“My husband was a relentless perfectionist. I adored him. When he committed suicide, I thought that no one would ever love me the way Sam loved me. He took pills and Scotch. The pills were self-prescribed; there was a bill from the pharmacy after he died. He did it in his office. His father also died by suicide, but the family covered it up. They said it was cancer. He was a doctor too. Sam had too much compassion and not enough steel. He was brilliant. I respected his intelligence. He was so classy. People took advantage of him. He was repressed. I represented freedom to him. He couldn’t live in the real world. Problems with his kids from an earlier marriage weighed on him. He got depressed and refused to see a psychiatrist; he just withdrew into a dream world. Then he was gone.” (1)
This sad story is that of a physician’s widow whom I interviewed in 2015. Given that her husband’s father also took his own life, his fate was perhaps driven in part by perfectionism, a genetic vulnerability to a mood disorder and a familial pattern of suicide. What she described to me was a man who constantly strove for excellence in his professional, personal and family life. She described how hard he was on himself and how much he took personal responsibility for situations in which he was not fully at fault or perhaps not at fault at all.
Perfectionism in physicians is truly a double-edged sword. On the positive side is reward. Striving for excellence and precision enables applicants to get into medical school, prestigious residency programs and the “right job” upon graduation. Further, this trait over time helps doctors in keeping on top of their game – enjoying a successful private practice, doing research and getting papers published, teaching and winning awards, advancing in the academy or business of medicine. On the negative side is pain. The inevitable losses and failures of any physician in today’s medical world are very tough for perfectionistic doctors. Not only do they beat themselves up but can become quite demoralized or clinically depressed.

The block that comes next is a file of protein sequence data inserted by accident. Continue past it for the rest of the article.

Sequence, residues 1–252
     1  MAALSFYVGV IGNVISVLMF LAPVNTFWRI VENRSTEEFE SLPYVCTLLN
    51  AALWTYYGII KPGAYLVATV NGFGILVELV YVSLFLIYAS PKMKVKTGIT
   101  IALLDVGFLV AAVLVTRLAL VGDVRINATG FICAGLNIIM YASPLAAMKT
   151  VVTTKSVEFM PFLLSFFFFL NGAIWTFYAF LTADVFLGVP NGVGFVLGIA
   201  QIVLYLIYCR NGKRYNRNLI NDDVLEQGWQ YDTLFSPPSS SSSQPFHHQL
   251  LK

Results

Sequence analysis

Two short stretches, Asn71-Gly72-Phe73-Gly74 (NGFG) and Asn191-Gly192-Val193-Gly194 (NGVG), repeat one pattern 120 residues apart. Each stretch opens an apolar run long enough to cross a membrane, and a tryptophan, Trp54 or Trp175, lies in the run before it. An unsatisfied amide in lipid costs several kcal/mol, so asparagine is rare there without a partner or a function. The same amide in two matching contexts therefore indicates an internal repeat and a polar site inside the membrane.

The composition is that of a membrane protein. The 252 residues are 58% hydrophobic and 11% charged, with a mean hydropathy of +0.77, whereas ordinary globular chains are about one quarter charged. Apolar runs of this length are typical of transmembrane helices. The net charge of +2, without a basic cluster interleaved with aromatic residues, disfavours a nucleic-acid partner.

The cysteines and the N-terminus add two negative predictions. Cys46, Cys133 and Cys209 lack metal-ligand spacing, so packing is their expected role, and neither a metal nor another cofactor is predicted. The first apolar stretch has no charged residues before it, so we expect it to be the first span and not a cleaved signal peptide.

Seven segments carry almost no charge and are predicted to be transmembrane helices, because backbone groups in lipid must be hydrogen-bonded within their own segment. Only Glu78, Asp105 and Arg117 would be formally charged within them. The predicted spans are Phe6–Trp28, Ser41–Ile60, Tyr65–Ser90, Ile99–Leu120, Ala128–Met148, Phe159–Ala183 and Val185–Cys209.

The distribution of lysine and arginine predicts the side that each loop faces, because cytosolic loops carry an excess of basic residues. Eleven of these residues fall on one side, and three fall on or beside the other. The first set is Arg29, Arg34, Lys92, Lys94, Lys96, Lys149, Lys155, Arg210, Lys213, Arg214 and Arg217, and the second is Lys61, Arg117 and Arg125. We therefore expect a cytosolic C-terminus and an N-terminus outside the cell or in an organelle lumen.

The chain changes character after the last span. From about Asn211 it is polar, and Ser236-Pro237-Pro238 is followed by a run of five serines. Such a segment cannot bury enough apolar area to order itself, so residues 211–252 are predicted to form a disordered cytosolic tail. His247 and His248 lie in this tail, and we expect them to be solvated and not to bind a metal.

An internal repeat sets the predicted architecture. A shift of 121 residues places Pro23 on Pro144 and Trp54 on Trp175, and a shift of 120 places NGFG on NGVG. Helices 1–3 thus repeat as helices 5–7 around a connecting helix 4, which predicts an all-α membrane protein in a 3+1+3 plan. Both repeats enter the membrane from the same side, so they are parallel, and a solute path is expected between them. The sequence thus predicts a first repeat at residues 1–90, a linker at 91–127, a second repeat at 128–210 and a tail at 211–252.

Physicians who are on the extreme end of the perfectionism continuum push themselves over and over again to improve and do better. They are extremely hard on themselves if they make a mistake or don’t excel in virtually everything they do. They don’t relax easily and feel guilty if they lie in a hammock reading a trashy novel or play a video game instead of reading the current issue of the New England Journal of Medicine. Inwardly they are also very competitive with their peers but rarely acknowledge this to their loved ones, medical colleagues, or friends. Some are envious of those who win prizes, awards or honors for their medical achievements. The rewards given to others can make them feel inferior. They may be jealous of doctors in their branch of medicine who make the Best Doctors in America list (although they mock its reliability) or of those who have bigger homes in more prestigious neighborhoods and those who take more exotic family vacations. And marital difficulties are not uncommon because of how much they push their spouses and children to be like themselves.
For clinicians treating perfectionistic physicians I have two recommendations. One, pay attention to your countertransference. It can be frustrating and exhausting trying to treat someone who is so hard on himself or herself – and this calls for either a CBT (cognitive behavior therapy) approach to this repetitive thinking or a more dynamic interpretative approach. Second, be careful not to miss an atypical or masked clinical depression. What was a low level type of self-reproach and self-castigation is now becoming hypertrophied, relentless, and unresponsive to supportive reassurance or reality checks from you. Your patient may be verging on psychosis, delusional depression and despair with pressing suicidal ideation and planning. An urgent and comprehensive biopsychosocial assessment is warranted with psychopharmacological intervention and perhaps brief hospitalization for safety.
Myers MF. Why Physicians Die by Suicide: Lessons Learned From Their Families and Others Who Cared. Amazon. New York. 2017. Page 13-14.